“Who is God?” the little girl asked. “What is he like?”
I had never been asked that question before. Uncertain, I paused.
“God lives up in heaven,” I answered, then hesitated. What did one tell to a little girl who had never heard of God? “He loves us very much, I guess. He made the world, and you and me.”
“I thought Mummy made me.” Frowning, she looked up at me with puzzled brown eyes.
“Well, I…” I was at a loss of what to say. “Um—” I looked down at my watch. “Oh, uh, sorry—gotta go! I’m late.” Eager to get away, I pretended that I had somewhere to go, and took my chance to leave that awkward conversation.
All throughout dinner, I felt bad about leaving that little girl with her important question unanswered; but what could I have said? I wasn’t prepared. Laying my head down, I pondered, who is God? I hadn’t thought it much. My parents believed in him, so I did, too, because it felt like the right thing to do. But I didn’t know who he really was, though he seemed rather strict from their point of view.
That girl’s question planted something inside my heart that told me to get real with myself and actually find out what kind of God I believed in. I figured I’d think about it tomorrow.
Tomorrow came. I was too busy to think at all, getting up late as usual, and running to catch the bus. Ten minutes later, I was headed up the sidewalk to my school.
“Hullo.” She was there, the little girl, waiting at the gate where she’d stopped me yesterday. Waving, I smiled and walked on. To my surprise, she ran up and began to walk along side of me.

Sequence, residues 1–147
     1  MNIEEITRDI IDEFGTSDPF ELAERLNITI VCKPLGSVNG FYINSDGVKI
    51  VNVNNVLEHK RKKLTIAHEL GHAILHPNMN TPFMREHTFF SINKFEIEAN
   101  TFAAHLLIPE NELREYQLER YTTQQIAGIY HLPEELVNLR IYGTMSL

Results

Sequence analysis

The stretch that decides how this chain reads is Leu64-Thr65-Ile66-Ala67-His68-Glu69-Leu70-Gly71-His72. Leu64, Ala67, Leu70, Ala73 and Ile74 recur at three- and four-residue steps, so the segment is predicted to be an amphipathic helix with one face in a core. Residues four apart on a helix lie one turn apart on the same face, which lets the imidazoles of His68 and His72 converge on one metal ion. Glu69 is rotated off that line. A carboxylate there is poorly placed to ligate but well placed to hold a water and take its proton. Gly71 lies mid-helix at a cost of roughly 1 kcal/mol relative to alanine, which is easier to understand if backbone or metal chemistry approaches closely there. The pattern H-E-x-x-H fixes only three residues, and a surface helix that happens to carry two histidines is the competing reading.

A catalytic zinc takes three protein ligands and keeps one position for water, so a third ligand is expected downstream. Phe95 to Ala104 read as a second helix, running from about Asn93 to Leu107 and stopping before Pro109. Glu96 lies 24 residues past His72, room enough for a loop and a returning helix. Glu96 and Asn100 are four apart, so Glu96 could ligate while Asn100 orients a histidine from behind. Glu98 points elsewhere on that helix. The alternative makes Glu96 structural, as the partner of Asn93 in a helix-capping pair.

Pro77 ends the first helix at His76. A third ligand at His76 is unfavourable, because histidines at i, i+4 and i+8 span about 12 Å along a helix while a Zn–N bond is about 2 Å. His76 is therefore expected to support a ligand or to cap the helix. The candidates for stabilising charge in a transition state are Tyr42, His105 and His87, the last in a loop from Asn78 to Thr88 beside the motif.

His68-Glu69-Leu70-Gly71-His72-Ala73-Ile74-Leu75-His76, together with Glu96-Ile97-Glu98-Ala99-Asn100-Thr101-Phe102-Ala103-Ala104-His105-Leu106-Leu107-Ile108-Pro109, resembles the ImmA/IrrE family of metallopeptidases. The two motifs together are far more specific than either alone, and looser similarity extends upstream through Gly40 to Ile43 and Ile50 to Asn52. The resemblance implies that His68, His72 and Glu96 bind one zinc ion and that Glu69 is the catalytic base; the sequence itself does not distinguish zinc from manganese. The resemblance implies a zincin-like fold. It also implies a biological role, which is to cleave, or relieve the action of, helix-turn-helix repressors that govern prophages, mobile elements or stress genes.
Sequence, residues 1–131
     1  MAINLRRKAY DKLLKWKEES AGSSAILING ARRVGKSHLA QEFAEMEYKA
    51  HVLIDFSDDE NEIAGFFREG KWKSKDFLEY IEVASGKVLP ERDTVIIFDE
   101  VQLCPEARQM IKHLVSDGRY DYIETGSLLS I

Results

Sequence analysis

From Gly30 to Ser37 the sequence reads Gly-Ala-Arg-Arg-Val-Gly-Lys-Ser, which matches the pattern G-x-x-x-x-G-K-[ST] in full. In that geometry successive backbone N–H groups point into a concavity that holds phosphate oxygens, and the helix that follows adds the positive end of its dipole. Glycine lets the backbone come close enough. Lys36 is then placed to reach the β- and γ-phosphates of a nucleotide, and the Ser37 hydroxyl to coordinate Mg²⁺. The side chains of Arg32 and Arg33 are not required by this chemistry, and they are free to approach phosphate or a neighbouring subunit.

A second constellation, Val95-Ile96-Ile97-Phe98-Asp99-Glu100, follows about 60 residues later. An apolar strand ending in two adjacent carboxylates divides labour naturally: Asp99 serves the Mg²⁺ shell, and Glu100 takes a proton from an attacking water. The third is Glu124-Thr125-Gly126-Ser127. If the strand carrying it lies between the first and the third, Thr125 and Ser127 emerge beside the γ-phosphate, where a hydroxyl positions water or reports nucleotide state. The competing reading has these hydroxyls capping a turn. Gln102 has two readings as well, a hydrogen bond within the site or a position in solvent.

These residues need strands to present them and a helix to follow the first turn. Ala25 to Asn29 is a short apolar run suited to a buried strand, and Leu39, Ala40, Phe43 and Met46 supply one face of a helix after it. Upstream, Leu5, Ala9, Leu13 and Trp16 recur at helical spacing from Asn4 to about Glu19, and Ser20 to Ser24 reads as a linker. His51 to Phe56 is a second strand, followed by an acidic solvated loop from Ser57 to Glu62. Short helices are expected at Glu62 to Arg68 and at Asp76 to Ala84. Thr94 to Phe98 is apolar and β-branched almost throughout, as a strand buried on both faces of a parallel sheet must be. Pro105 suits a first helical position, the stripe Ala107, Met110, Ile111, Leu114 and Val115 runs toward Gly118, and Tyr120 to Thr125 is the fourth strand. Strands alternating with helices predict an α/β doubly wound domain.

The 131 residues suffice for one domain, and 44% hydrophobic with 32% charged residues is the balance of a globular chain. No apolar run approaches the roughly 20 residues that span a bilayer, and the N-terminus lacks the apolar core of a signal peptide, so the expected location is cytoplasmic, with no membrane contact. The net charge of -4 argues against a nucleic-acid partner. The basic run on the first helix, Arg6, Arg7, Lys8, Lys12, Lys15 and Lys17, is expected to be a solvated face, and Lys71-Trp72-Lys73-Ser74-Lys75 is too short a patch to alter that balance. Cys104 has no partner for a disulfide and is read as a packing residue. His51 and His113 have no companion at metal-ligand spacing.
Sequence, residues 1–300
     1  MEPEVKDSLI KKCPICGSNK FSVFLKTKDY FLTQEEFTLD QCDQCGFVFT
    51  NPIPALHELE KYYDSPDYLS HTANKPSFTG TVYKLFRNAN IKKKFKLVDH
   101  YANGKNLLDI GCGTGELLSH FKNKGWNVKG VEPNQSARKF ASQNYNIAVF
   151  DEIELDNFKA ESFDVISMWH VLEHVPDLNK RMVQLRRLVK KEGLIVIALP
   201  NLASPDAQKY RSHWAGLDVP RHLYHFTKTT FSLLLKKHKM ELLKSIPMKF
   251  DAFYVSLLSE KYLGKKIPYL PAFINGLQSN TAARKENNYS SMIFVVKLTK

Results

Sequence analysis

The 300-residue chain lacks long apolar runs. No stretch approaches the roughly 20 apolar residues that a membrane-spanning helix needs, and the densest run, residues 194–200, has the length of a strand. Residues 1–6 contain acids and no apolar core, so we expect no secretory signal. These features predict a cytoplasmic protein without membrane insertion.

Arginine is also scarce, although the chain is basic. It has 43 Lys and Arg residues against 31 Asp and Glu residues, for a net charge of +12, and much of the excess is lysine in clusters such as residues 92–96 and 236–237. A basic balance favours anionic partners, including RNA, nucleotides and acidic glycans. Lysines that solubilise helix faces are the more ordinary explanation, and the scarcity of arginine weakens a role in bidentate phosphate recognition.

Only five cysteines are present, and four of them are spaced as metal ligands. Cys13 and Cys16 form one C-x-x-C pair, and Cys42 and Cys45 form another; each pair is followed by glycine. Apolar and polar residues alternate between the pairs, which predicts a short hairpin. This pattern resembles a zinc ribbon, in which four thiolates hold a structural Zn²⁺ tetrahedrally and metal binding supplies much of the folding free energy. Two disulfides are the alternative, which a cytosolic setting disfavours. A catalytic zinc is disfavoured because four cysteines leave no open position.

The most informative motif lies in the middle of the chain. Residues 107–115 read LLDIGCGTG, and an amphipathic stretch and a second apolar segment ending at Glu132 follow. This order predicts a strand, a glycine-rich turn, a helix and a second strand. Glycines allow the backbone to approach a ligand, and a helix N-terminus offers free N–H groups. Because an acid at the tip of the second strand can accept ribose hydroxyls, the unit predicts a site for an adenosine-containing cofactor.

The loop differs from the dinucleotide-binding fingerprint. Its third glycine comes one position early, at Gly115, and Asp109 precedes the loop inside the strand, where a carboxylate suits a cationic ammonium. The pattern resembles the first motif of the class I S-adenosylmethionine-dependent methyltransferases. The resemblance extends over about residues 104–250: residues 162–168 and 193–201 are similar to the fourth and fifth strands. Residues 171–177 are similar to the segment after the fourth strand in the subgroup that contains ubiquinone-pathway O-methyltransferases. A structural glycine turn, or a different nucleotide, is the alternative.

“How are you doing today?” I asked her, wanting her to leave as soon as possible. I couldn’t be late for class.
“Good,” she tossed out carelessly. I quickened my pace. She began to jog. Rolling my eyes, I asked myself how determined this little shadow would be. Would she follow me into school?
“I found out who God is.” I didn’t stop, but I slowed at her words.
“Mm hm.” She nodded importantly. “I told Daddy about my question, and he told me who God is.” I waited as she stopped to tied her shoe.
“Well, who is he?” I asked, unable to contain my curiosity, and wondering all the while why I asked a little girl this question.
“Why, he’s God!” She looked at me as if I should’ve known that God is God. I didn’t know what to say, but that was fine, because she didn’t allow me time to even think what to say.
“And God made everything! He put the sun in the sky, and put the earth in the sky, and he stuck people here. Daddy thinks he left us here after he made us, ‘cause he doesn’t care ‘bout us anymore. But if he didn’t care ‘bout us, why’d he make us?” She put the question forward indignantly. And I thought—no, I didn’t have time to think, she went right on.
“I know he loves us very much. He made shapes with all the stars. They’re called consternations. And he lights up the nighttime with fireflies, ‘cause they look pretty.” She stopped, stared at me with her bright eyes, and smiled. Dropping her voice to a whisper, she said, “And when he’s really, really happy, he laughs; and when he laughs, he shakes the sky; and when he shakes the sky, stars fall—shooting stars!”
My mouth was open wide by the time she finished. Her version of God fascinated me, so different from the strict God of my parents, that I couldn’t help but wonder which side of the matter was true.
I shook my head and turned to her, but she was gone, headed down the sidewalk. I hadn’t even noticed her leave. Looking back, she waved as she faded from view.
Strange, I thought as I walked to my class, how a small conversation that seemed so unimportant had made me question what I had believed all my life, unquestionably. Which side was right? Or was there another side that I hadn’t yet discovered? I thought of what the little girl had said and smiled faintly, not a mocking smile, but one of puzzled wonder. Who knows? I sort of liked the idea of a God who shakes stars with his laughter.
I know I post a lot, but when I start writing, all my inspirations come at once. I don't know where this piece came from, but I hope you enjoy.